In view of last week’s Dear Danielle question, here’s another post (originally published April 13, 2011) that I thought would be helpful as well…
Is it possible to start a business like this nights and weekends if you are totally self-supporting and work Monday through Friday, 9-5? Thanks for your advice! —JN
Well, anything is possible. It’s just that there are some practical things as well as some caveats to consider.
First, you want to get clear about your goals and intentions for having a business. Are you looking to create a real business, one that will earn well, take care of you and your family, and support your dreams, goals and lifestyle? Or are you just looking to earn a little bit of a side income while you continue to work as an employee?
Either way is perfectly fine, but the former will require some real work, effort, education and commitment while the other is more of a hobby. Understand that running a real business and freelancing on the side are two completely different things.
And, of course, my advice is always focused on those who are looking to create real businesses. So when that’s the case, the other thing to consider is the client. How much of a commitment do you have to offer clients if you are working part-time? How much time and energy will you have left over for them during the evenings and weekends after you’ve already put in a full work day and week? How long do you think you can sustain that pace? What will you have left over for yourself and your family, friends and other interests? How might the lack of time for self-care impact the quality of your support and ability to grow your business successfully?
I’m not saying it’s impossible. But clients’ stuff is important to them. And it can be really, REALLY difficult, not to mention stressful and exhausting, to provide a professional level of service and care to clients if you are still working a full-time, or even part-time, job. It really depends on how badly you really want this and how smart you go about it.
So here’s what I recommend…
1. While you are still working, set up the foundation of your business. That means, a) getting clear about what you intend to be in business to do and b) who you intend to work with (your target market and ideal client), c) start establishing your policies and procedures and d) getting your contracts and other forms together. All of this will be honed and adjusted over time, but you’ve got to at least get the start first.
2. Start working on your website. The more professional the better. Your business website is THE most important marketing piece in your business so don’t be penny wise and pounds foolish. Clients equate the professionalism of your site with the level of your skill, competence and commitment. If you aren’t the right person to design your professional site, hire a professional to do it.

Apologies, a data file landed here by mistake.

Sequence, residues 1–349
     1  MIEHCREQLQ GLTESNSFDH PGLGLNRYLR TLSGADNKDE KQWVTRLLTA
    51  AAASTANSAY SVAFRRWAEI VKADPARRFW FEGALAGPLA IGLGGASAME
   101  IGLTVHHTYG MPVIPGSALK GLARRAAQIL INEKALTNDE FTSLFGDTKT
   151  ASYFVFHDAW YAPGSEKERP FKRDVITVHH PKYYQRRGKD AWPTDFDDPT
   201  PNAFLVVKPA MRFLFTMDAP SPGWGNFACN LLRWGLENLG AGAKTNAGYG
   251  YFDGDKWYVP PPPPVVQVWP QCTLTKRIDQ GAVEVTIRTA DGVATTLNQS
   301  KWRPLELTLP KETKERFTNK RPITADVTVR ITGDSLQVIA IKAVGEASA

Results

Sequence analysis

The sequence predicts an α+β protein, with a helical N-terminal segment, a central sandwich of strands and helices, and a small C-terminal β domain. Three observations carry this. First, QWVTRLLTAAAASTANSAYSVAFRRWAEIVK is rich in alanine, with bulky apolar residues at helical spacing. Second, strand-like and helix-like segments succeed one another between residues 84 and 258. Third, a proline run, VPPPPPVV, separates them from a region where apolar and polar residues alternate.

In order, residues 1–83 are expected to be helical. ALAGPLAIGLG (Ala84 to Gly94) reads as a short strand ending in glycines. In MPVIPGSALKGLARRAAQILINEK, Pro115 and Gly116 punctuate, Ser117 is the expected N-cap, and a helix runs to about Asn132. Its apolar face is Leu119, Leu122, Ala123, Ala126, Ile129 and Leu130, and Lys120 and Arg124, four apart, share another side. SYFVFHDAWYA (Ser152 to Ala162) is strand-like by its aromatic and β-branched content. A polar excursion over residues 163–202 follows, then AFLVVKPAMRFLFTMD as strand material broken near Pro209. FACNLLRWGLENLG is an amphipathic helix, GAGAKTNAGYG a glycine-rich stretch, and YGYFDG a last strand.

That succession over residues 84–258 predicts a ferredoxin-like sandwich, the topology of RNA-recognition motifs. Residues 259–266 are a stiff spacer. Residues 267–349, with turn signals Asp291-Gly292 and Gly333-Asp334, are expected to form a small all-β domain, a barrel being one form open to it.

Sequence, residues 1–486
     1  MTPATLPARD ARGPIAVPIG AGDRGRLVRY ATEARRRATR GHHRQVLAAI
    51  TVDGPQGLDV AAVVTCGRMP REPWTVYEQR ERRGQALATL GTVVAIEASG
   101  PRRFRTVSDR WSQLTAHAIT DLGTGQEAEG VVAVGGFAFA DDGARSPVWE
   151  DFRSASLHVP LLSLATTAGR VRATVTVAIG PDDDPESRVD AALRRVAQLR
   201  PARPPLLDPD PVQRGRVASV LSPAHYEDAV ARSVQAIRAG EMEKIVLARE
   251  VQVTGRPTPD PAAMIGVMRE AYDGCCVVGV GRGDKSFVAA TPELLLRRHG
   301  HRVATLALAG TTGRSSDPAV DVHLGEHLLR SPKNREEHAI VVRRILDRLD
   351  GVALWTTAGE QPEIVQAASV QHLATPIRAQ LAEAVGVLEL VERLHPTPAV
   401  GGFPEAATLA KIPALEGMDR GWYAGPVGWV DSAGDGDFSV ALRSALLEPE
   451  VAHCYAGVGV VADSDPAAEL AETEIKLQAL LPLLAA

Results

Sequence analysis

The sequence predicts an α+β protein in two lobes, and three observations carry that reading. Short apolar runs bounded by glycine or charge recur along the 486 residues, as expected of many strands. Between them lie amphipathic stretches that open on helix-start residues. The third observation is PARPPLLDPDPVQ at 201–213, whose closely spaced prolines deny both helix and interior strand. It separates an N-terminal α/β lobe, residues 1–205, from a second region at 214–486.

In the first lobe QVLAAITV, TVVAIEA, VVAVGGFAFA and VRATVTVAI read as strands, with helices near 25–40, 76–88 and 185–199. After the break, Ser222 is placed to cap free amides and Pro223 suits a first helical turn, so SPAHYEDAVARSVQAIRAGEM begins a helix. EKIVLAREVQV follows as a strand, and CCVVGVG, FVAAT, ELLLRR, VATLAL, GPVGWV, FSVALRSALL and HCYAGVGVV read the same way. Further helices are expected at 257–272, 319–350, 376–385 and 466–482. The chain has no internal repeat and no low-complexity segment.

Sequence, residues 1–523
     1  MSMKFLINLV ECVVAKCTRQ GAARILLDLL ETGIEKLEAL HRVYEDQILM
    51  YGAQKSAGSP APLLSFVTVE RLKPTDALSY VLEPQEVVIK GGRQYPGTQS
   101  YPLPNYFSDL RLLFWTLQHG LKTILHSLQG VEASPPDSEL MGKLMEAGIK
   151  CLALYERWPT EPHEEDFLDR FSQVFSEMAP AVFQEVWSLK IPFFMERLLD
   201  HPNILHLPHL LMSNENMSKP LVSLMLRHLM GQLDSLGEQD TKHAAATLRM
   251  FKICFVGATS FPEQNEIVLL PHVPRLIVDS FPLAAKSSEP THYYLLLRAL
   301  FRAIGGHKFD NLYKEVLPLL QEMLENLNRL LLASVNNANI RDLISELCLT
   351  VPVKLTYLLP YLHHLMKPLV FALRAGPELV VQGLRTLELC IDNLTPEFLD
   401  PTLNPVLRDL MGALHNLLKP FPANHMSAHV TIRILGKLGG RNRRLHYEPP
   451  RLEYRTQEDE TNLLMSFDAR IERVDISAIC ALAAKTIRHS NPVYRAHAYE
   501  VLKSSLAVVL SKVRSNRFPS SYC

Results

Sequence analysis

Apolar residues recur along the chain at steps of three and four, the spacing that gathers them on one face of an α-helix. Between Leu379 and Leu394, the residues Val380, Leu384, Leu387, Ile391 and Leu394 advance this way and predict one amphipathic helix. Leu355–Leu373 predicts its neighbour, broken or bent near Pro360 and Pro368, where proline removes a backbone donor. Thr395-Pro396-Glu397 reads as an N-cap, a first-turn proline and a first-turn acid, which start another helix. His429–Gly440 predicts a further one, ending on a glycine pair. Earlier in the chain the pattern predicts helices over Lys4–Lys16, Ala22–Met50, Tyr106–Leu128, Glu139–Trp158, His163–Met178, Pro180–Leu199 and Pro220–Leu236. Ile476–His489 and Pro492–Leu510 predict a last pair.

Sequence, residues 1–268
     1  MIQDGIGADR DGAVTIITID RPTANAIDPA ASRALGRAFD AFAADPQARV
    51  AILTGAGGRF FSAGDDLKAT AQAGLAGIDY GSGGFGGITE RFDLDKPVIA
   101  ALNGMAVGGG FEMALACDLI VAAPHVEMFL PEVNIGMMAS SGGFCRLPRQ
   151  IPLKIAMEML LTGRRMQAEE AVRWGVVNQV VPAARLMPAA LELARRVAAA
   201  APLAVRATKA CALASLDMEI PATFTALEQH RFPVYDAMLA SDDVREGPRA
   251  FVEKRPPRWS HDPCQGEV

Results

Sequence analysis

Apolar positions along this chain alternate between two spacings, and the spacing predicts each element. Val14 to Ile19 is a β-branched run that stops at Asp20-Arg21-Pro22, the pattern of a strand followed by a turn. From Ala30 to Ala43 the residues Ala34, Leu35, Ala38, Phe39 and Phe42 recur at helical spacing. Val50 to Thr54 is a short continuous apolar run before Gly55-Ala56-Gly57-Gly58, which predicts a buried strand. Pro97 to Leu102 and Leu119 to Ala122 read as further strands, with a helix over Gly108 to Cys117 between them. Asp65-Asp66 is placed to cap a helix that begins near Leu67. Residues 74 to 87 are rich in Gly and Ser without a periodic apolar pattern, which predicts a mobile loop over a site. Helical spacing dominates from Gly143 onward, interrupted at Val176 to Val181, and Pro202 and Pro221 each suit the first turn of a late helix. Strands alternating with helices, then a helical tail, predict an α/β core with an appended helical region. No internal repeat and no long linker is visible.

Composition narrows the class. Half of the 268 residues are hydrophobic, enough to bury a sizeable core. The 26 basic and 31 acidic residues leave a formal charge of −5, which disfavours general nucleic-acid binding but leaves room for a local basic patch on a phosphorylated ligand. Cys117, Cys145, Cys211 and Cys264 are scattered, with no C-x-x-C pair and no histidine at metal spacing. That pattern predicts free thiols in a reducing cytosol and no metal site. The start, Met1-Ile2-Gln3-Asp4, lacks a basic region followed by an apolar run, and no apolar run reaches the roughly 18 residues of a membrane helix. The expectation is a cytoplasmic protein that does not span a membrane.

3. Simultaneously, begin working out your job exit plan. This endeavor will affect your whole family so make sure you discuss the decision/goal with your spouse or partner and have their buy-in. There is nothing more difficult than starting a business when you have to also battle a resentful, unsupportive family.
Imagine your life while supporting a full roster of clients and how you will establish boundaries for clients, family and even yourself. The goal is to help everyone understand when it’s business time and when it’s family time. And for yourself, the goal is to honor your standards and boundaries—because we have equal culpability when we resent others by allowing them to step over those things in the first place. So those are going to be really important.
At some point, once you have your foundations in place, there will come a time when you simply have to make the leap and decide to commit to the business. But you never want to start broke. Magical thinking doesn’t pay the bills. So you want to figure out now how you will finance the business until it becomes self-sustaining and profitable. Do you have another income in the household you can live on while the business gets established? Do you have savings (or perhaps a severance) you can use to finance the business? Where else can you get capital for the business?
You want to understand that generally it takes any business about 5 years to get there and most fail in the first three years. This is probably the biggest mistake new business owners make. They don’t calculate what they need to earn and they don’t realize that they MUST not only earn a living, but actually a PROFIT, in order for the business to survive. I can’t stress this enough.
You want to go in with no illusions that you’re going to become an overnight millionaire sensation. Hey, I won’t say that’s impossible, but it’s not likely. It simply takes time. Go into it with your eyes wide open about that fact and you’ll be far better prepared for your success.
The good news is that the need for what we do as administrative experts has no shelf life. EVERY single business requires administrative support so there will always be a need for what we do. And it’s one of the most inexpensive kinds of service businesses to operate because the overhead is so low.